In a field that featured the top five players in the world, Johnson made a strong opening statement that the No. 1 ranking he has held for almost a year might be hard to take away. He hit driver on the 433-yard 12th hole that went 432 yards and 6 inches, the signature moment in a final round devoid of drama. There also was the bullet of a drive into the wind on the 14th that ran onto the green about 25 feet away.
He finished at 24-under 268. Matsutama shot a 7-under 66 Sunday to move up eight spots on the leaderboard.
He closed with an 8-under 65 - the best score of the tournament - for an eight-shot victory. "If my mind's wandering and thinking about other things, then I'm not going to have a good day", Johnson said.
"I don't think they made the trip home from China", Johnson said. Jon Rahm at age 23 became the fourth-youngest player to reach No. 3 in the world with his runner-up finish at Kapalua.
Not surprisingly, Johnson believes he is close to the form he wielded early previous year when he won three straight starts and took over World No. 1 leading into the Masters.
Dustin Johnson underlined his status as the best player in the world as he coasted to a dominant eight-shot victory at the Sentry Tournament of Champions.
Johnson's 17th US Tour victory ensures he has a win in 11 consecutive seasons since debuting in 2008. That's the longest streak on the Tour, an achievement that very, very almost took a back seat to the longest hole-in-one in PGA history.
Forget dropping a six-shot final round lead at the World Golf Championships - HSBC Champions in China late past year.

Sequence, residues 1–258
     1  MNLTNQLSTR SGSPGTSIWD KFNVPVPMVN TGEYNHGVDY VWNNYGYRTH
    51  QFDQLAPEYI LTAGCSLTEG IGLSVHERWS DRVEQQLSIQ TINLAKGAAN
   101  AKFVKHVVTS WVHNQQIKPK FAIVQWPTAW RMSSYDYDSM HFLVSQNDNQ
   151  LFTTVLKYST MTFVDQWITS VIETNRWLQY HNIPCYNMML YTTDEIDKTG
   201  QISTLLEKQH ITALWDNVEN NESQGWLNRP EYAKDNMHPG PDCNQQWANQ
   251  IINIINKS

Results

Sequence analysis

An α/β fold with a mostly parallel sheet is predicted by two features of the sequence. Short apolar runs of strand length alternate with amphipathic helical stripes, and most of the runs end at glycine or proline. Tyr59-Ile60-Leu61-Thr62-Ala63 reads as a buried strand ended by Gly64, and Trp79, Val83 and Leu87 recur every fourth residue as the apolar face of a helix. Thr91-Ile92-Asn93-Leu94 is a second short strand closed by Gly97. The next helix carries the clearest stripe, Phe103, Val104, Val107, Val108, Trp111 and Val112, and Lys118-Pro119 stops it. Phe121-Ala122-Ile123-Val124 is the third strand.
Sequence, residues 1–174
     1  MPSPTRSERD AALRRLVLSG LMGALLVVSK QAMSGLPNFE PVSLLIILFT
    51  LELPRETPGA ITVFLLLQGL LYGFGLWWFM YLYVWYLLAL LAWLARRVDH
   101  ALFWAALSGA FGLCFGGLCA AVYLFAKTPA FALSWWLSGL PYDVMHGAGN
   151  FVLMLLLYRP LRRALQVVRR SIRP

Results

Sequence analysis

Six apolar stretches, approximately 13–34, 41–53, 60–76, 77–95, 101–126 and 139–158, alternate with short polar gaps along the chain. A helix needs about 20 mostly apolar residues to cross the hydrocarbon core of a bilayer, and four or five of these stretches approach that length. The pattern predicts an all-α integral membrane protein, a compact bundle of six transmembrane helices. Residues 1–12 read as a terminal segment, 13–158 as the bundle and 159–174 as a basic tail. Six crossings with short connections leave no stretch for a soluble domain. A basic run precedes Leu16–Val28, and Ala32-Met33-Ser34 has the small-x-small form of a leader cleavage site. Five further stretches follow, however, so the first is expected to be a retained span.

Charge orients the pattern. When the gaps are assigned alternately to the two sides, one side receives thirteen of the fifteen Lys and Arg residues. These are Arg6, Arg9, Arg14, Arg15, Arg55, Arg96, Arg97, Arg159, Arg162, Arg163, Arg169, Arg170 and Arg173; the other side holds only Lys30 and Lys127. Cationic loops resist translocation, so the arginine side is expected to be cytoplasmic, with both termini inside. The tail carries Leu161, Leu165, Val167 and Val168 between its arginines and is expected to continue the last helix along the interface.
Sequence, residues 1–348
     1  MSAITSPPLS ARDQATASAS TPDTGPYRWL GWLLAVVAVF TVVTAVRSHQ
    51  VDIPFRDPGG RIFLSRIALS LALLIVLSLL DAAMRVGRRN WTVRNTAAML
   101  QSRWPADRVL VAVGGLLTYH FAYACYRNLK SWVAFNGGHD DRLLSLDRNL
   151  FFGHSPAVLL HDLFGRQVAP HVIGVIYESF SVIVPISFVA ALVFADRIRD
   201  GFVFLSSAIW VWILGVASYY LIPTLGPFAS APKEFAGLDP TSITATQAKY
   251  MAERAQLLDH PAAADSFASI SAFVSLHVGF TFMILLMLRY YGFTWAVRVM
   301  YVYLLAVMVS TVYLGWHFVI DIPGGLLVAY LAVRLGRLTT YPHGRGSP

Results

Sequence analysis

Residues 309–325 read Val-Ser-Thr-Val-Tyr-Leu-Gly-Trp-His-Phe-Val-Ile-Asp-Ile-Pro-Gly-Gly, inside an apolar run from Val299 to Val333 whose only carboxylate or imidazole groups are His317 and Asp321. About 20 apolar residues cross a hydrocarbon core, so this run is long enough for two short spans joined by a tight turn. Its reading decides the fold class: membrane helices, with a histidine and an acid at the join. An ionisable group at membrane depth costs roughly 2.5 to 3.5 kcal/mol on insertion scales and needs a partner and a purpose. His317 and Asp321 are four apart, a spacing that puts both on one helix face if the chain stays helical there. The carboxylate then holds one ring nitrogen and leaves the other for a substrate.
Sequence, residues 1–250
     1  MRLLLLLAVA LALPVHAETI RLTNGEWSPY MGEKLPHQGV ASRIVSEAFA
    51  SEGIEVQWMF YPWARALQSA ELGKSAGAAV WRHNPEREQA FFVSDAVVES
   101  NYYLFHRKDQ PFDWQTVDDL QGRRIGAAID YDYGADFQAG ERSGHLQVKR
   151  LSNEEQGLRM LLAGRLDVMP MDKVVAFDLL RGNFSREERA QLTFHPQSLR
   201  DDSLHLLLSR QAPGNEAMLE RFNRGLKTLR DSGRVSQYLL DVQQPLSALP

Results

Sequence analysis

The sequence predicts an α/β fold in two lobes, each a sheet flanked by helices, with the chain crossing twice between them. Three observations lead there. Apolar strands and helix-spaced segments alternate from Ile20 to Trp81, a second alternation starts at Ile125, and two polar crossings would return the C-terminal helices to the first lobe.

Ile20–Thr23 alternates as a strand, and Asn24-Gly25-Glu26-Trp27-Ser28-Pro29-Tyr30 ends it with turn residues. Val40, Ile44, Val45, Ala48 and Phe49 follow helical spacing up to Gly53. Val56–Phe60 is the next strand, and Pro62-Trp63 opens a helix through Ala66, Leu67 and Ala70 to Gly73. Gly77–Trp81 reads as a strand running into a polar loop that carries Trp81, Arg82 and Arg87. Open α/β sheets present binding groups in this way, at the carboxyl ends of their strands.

If you thought the fictional Happy Gilmore could smack a ball hundreds of miles, then you haven't seen real life pro-golfer Dustin Johnson let one rip from 400 yards. "A day maybe. Not even", Johnson says. "Whether I win or lose".
Biggest disappointment: Harman was the closest to Johnson entering the final round, two strokes back, but he stumbled out of the gates and never factored.
Johnson's lone bogey of the day, at the par-3 11th, preceded one of the all-time jaw-dropping bounce-back shots in memory-the meteor he launched toward the 12th green that resulted in his second eagle in as many days at the hole. It's a blind shot over the hill, with a strong wind at his back, so he never saw the ball race down the hill, onto the green and head straight to the cup until stopping 6 inches away. And it's not like the 2016 U.S. Open victor hadn't already holed out a shot at the 12th when he jarred a 65-yard chip for an eagle on Saturday, meaning that he played that hole over the weekend in a mere four strokes.
That stretched his lead to seven shots, and the rout was on.